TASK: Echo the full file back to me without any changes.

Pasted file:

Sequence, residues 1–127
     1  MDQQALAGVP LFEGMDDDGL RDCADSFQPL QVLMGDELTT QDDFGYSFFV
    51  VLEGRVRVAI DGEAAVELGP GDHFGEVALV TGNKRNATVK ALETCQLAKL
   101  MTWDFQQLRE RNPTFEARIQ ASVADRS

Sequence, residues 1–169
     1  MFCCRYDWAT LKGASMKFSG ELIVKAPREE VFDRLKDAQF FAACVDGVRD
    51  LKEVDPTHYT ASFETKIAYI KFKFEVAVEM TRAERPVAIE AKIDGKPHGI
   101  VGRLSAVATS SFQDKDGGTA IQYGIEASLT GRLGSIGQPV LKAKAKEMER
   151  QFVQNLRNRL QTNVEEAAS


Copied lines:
Sequence, residues 1–127
     1  MDQQALAGVP LFEGMDDDGL RDCADSFQPL QVLMGDELTT QDDFGYSFFV
    51  VLEGRVRVAI DGEAAVELGP GDHFGEVALV TGNKRNATVK ALETCQLAKL
   101  MTWDFQQLRE RNPTFEARIQ ASVADRS

Sequence, residues 1–169
     1  MFCCRYDWAT LKGASMKFSG ELIVKAPREE VFDRLKDAQF FAACVDGVRD
    51  LKEVDPTHYT ASFETKIAYI KFKFEVAVEM TRAERPVAIE AKIDGKPHGI
   101  VGRLSAVATS SFQDKDGGTA IQYGIEASLT GRLGSIGQPV LKAKAKEMER
   151  QFVQNLRNRL QTNVEEAAS